In western Maine, along the New Hampshire and Quebec borders, the headwaters of the Androscoggin River hold an ecological (and angling) miracle. As glaciers receded from the last Ice Age, they left behind them a landscape of lakes and ponds, interconnected by river and streams, and virtually fishless. Brook trout recolonized this habitat soon after the glaciers left, and along with a landlocked species of arctic char known as the blueback trout, were virtually the only predatory fish in the watershed.
Ten thousand years later, when Europeans first discovered the region in the middle of the 19th century, these waters were teeming with brook trout as large as 10 pounds. Sporting camps and lodges-several of which are still in business today-opened to cater to "sports" from Boston, New York, and Philadelphia. Amazingly, although landlocked salmon, lake trout, and some bait fish species have been added to the mix, dams have been built on all the lakes, and the forest has been cut multiple times, at the turn of the 21st century the wild brook trout fishery is still intact. Dozens of wild trout ponds, and hundreds of miles of wild trout streams remain.
For brook trout fishermen who prefer rivers, the Rapid River, a brawling 4 miles of rapids and pools between Richardson Lake and Umbagog Lake along the New Hampshire border, is the jewel in the crown. Surrounded by conservation easements to protect the habitat, accessible only by a one mile hike or a five mile boat ride, and with catch and release rules to allow for growth to larger sizes, the Rapid River still consistently produces brook trout of three pounds, and fish of five pounds or more are possible on any day. Although less renowned, other tributaries of Umbagog Lake, including the Magalloway River and the Dead Diamond River New Hampshire offer similar fisheries.
The Rapid River at sunset
Approximately 20 years ago, smallmouth bass were illegally introduced into Umbagog Lake. Smallmouths rapidly colonized this habitat and within the past 8 years have invaded the Rapid River, where they threaten one of the nation's finest wild brook trout fisheries. Smallmouth bass predation on brook trout fry has been documented, and there is evidence that brook trout recruitment is declining. The Rapid River's wild brook trout, which routinely attain weights of 3-5 pounds and support one of the state's highest angler use rates, are clearly imperiled, as is the fishery they support.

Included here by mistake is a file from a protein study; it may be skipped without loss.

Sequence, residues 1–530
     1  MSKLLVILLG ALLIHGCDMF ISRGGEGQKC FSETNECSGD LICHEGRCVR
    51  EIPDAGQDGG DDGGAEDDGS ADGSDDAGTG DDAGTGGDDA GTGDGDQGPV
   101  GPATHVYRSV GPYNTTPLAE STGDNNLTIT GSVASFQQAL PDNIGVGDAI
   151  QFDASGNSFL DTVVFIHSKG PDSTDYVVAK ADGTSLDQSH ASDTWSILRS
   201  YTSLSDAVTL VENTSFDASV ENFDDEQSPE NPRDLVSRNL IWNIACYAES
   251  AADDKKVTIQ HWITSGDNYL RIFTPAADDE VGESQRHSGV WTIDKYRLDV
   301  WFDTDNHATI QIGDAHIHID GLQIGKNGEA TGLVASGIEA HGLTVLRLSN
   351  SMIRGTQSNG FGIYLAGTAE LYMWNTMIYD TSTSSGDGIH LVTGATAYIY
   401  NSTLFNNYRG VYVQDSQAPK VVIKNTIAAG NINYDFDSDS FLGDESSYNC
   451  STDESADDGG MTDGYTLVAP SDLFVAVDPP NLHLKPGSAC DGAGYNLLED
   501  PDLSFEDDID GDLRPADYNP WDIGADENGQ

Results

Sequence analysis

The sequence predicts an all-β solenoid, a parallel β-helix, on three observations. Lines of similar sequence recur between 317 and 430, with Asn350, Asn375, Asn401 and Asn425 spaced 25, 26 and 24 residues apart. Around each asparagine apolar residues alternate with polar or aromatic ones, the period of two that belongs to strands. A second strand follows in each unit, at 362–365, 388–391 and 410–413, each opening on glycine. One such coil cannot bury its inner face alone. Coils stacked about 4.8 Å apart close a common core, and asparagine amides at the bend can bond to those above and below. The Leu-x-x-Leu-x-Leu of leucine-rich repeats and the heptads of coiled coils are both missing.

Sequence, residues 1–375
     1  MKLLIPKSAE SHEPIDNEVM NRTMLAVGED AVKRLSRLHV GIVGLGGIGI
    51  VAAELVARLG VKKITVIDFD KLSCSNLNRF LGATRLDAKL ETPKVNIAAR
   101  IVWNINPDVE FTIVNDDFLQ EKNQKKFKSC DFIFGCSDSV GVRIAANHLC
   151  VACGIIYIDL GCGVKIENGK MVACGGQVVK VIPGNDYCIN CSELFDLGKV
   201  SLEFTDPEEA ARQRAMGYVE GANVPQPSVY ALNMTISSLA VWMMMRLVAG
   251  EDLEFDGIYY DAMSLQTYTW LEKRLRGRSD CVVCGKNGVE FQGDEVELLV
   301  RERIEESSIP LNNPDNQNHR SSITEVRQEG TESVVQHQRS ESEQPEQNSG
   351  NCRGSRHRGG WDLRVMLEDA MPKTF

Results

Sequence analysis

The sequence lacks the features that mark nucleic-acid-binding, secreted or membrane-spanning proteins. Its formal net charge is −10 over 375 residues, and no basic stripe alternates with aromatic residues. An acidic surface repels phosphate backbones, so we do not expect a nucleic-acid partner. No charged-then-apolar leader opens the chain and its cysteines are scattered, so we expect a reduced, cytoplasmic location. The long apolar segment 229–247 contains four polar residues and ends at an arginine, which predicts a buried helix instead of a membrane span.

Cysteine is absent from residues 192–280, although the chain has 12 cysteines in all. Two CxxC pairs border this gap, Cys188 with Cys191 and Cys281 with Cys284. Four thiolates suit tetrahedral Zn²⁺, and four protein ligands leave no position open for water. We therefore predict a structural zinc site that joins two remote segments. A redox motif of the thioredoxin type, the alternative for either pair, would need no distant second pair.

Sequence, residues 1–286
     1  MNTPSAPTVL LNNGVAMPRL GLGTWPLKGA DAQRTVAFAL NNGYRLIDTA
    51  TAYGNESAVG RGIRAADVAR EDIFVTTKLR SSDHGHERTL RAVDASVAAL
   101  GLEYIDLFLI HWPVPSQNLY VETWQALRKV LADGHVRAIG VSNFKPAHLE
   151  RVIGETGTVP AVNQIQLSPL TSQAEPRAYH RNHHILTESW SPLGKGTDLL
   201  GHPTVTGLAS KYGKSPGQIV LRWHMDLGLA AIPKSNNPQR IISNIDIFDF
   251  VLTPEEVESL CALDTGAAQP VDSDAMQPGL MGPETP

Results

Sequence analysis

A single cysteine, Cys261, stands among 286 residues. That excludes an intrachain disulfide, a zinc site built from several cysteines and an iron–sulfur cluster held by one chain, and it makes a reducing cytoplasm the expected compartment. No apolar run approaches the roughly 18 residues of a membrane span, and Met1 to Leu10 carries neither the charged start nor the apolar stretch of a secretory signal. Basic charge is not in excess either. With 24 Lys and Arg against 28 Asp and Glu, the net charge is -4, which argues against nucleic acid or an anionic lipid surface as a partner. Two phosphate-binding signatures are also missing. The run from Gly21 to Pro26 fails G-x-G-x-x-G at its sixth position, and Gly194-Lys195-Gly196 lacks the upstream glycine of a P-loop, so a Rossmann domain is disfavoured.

A unique coalition of conservation and sporting groups has banded together with Trout Unlimited and the Maine Department of Inland Fisheries and Wildlife (MDIF&W) to develop a strategic plan to address this issue. Our goals are to:
(1) Prevent further invasions of upstream high quality brook trout waters;
(2) Identify methods to reduce smallmouth bass production in the Rapid River watershed;
(3) Implement measures to reduce smallmouth predation on juvenile brook trout in the Rapid River;
(4) Conduct an aggressive public outreach campaign about the risks of invasive game fish introductions.
Maine Department of Inland Game&Fish Biologist Dave Boucher conducts research on the Rapid River
Coalition Members: Trout Unlimited, Rangeley Lakes Heritage Trust, Fly Fishing in Maine, Rangeley Region Guides and Sportsmen, Maine Department of Inland Fish and Wildlife, New Hampshire Fish and Game Department, Friends of Richardson, FPL Maine, Sportsmen's Alliance of Maine, Umbagog Lake National Wildlife Refuge
Major Funders and Supporters: Orvis, National Fish and Wildlife Foundation, US Fish and Wildlife Service, Upper and Middle Dams Hydro Licensing Mitigation Fund
Accomplishments to Date:
Completed barrier needs assessment for Umbagog and Richardson Lake tributaries. Have identified the need for a bass barrier at C Pond.
Completed a "signage" project that posted 50 "Trouble by the Bucketful" signs at Rangeley area boat launches and access sites. These signs served as a template for a statewide effort that is now being implemented. Also, NH Fish and Game and the Umbagog NWR are implementing a similar project, using the Rangeley sign as a template.